Donald Trump’s presidency is an indicator of deep disorder and fear. One of the most shocking aspects of living in America these days is that roughly four out of ten Americans tolerate or actively support him. The man is an illiterate malignant narcissist with dangerous fascistic and racist traits. He infuriates more than half the country, including me. For the past few years, I have wondered why there aren’t more powerful countervailing powers against abusive and criminally-inept leadership. I think those forces exist (witness the testimony of Fiona Hill), but they are diminished in the face of dark tides.

In my opinion, Trump’s power indicates a few problems:

  • The rise of shameless media celebrities who have eclipsed accountable community-based figures (Paris Hilton goes to Washington)
  • The unshackling of sinister forces in politics through dark money and the tools of cyberwar
  • An unsustainable rise in income and wealth inequality which further undermines community and stokes fear-based thinking among all social groups
  • A sense of profound loss and alienation among those with the most to lose–older Americans with property and savings

If America is going to survive, these forces need to recede. Perhaps this will happen when we are fully confronted by a great common foe such as climate change when its impacts become undeniable. I think that day is coming. Although we are a phenomenally wasteful nation, we are also an ingenious one.

Trump to me is an unfortunate indicator. Though I support his impeachment, I think his removal won’t remove the dark forces I’ve listed above. In a future blog post, I hope to write about some positive ways that each person can make their own small to large push against this tide that will drown us all if we do not use our creative intelligence.


State of the Union: No Sale

I watched the State of the Union address last night. The talk was dumb. Serves me right for watching television, that old-school tool of social control.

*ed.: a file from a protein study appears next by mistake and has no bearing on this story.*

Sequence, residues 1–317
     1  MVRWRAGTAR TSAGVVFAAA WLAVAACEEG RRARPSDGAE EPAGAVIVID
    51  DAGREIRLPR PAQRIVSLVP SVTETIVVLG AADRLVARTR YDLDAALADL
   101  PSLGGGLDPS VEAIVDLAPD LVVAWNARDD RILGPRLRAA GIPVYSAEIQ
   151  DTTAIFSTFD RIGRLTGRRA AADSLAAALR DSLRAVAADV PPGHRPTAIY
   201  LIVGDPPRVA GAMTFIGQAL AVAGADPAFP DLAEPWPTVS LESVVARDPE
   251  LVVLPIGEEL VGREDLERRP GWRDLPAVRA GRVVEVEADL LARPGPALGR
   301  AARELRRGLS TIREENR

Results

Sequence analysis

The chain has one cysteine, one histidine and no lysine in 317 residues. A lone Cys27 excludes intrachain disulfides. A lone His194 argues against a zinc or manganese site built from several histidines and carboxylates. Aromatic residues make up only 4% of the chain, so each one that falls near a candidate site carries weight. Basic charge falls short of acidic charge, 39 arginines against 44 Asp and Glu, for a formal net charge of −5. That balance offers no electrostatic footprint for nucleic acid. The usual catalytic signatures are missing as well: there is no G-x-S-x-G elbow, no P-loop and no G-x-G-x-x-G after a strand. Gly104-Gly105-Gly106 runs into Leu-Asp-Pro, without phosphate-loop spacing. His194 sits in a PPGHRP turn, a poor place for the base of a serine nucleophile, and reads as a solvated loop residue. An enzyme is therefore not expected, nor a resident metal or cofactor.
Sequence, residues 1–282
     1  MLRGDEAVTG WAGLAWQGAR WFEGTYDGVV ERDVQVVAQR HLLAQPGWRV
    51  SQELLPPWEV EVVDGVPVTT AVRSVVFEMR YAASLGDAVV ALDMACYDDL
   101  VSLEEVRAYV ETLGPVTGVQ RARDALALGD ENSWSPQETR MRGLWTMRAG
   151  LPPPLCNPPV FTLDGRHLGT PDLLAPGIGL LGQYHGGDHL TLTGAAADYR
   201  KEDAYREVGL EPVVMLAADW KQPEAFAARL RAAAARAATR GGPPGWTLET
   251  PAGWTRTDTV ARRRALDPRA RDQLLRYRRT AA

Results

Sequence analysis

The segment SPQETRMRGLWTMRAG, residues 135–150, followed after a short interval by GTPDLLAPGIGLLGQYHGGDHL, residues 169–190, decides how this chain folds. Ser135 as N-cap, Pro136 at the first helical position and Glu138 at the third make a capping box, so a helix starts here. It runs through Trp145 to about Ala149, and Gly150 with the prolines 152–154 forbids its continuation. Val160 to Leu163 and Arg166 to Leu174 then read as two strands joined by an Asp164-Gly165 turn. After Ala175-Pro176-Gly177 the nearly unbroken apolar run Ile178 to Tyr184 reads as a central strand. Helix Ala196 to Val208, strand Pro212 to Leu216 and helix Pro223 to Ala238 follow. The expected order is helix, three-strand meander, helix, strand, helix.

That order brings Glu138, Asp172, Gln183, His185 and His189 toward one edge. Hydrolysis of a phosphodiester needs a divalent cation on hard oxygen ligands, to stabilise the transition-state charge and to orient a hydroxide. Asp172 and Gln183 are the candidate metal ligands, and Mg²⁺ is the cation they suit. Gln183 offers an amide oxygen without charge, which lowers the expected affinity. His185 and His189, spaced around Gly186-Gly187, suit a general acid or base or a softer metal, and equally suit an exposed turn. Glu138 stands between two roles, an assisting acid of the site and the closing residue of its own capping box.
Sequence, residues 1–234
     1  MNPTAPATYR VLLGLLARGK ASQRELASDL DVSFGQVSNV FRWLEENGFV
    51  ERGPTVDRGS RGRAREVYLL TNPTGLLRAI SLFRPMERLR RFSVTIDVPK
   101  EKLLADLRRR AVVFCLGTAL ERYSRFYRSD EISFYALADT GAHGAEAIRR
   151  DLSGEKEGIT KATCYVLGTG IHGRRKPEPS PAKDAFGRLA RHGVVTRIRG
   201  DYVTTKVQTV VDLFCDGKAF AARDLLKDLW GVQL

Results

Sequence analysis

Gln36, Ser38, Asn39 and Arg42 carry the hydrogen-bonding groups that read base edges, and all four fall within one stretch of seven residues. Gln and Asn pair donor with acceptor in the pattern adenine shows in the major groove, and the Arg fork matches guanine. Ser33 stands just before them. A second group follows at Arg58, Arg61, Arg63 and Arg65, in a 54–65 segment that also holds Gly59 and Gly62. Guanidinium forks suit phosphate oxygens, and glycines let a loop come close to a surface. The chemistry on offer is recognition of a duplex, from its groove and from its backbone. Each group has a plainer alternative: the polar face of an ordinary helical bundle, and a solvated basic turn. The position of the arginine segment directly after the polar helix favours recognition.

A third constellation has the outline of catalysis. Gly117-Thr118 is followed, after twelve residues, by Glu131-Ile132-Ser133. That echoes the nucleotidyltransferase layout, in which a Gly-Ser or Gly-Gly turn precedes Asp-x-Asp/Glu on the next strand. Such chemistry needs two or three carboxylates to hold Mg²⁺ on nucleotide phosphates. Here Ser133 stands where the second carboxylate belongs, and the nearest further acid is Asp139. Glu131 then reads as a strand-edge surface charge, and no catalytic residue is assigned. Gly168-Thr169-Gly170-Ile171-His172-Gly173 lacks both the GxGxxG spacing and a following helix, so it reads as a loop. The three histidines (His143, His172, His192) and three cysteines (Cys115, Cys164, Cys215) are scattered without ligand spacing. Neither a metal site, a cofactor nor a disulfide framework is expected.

Of course the address was a sales pitch for Donald Trump’s administration. Although pundits may credit the president for not spending the entire time talking about himself, he did spend a lot of the time clapping at his own lines and goosing the crowd to give him more ovations.

There were some genuinely touching moments featuring extraordinary human bravery, suffering, and compassion. We saw the North Koren defector/amputee raising his crutches in the air, the police officer whose family adopted the unborn child of a woman hooked on heroin pleading to give that child a better life, and the family whose daughters were killed by MS-13 gang members.

These stories, however compelling, reminded me of the ubiquitous technique of showing happy people to sell products. There is no real connection between the story or image and the product. One exists to foster an emotional association about the other. All of these stories could have appeared in an Obama State of the Union address. Which is to say that none of this is new with Trump. The technique is likely as ancient as civilization — or at least as old as Methuselah.

Beyond the gambit of emotionally associating Trump and his administration with heroes and those who struggle. What else was he trying to sell? To me the big sale he tried to make is the tax bill. He said it would be good for the middle class and small business, that the new standard deduction eliminates federal taxation for the poorest Americans whose incomes are $24,000 or less per year.

Sounds good, right? And the points are true in a limited sense. But I think the larger picture is troubling. Completely unmentioned is the fact that families like Trump’s receive the lion’s share of benefits: lower “pass-through” rates of taxation than the middle class for partners as opposed to employees, a new tax deduction for private school, and a curtailment of the estate tax meant to prevent the American equivalent of dynastic wealth. Despite all the talk of closing the “carried-interest” loophole that lets certain financial professionals, such as private equity managers, skate by only paying around 23% of income, it survived tax reform. The upshot of all of this is that economic inequality will likely increase, which will be bad for almost everyone. I believe it will also be bad for the rich. Most spiritual traditions warn against greed.

So why would anyone buy it? Same question could be asked about why would anyone buy anything? They’ve been persuaded. The marketing worked.

For me: no sale, but that’s just one man’s opinion.